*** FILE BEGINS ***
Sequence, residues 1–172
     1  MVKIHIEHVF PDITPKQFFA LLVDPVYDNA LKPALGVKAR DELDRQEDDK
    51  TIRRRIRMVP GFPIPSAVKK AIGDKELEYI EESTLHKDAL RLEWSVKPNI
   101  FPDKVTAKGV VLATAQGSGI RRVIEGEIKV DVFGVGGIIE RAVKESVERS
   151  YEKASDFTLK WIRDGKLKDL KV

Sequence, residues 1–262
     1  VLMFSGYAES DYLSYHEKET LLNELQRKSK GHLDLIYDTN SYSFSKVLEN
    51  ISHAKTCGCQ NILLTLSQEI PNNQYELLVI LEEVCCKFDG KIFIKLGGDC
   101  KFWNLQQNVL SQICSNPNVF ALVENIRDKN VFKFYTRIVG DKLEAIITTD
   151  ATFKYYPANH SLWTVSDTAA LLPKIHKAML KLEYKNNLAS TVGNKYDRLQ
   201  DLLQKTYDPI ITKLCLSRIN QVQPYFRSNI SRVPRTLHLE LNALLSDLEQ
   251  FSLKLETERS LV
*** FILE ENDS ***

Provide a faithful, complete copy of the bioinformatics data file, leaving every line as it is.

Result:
Sequence, residues 1–172
     1  MVKIHIEHVF PDITPKQFFA LLVDPVYDNA LKPALGVKAR DELDRQEDDK
    51  TIRRRIRMVP GFPIPSAVKK AIGDKELEYI EESTLHKDAL RLEWSVKPNI
   101  FPDKVTAKGV VLATAQGSGI RRVIEGEIKV DVFGVGGIIE RAVKESVERS
   151  YEKASDFTLK WIRDGKLKDL KV

Sequence, residues 1–262
     1  VLMFSGYAES DYLSYHEKET LLNELQRKSK GHLDLIYDTN SYSFSKVLEN
    51  ISHAKTCGCQ NILLTLSQEI PNNQYELLVI LEEVCCKFDG KIFIKLGGDC
   101  KFWNLQQNVL SQICSNPNVF ALVENIRDKN VFKFYTRIVG DKLEAIITTD
   151  ATFKYYPANH SLWTVSDTAA LLPKIHKAML KLEYKNNLAS TVGNKYDRLQ
   201  DLLQKTYDPI ITKLCLSRIN QVQPYFRSNI SRVPRTLHLE LNALLSDLEQ
   251  FSLKLETERS LV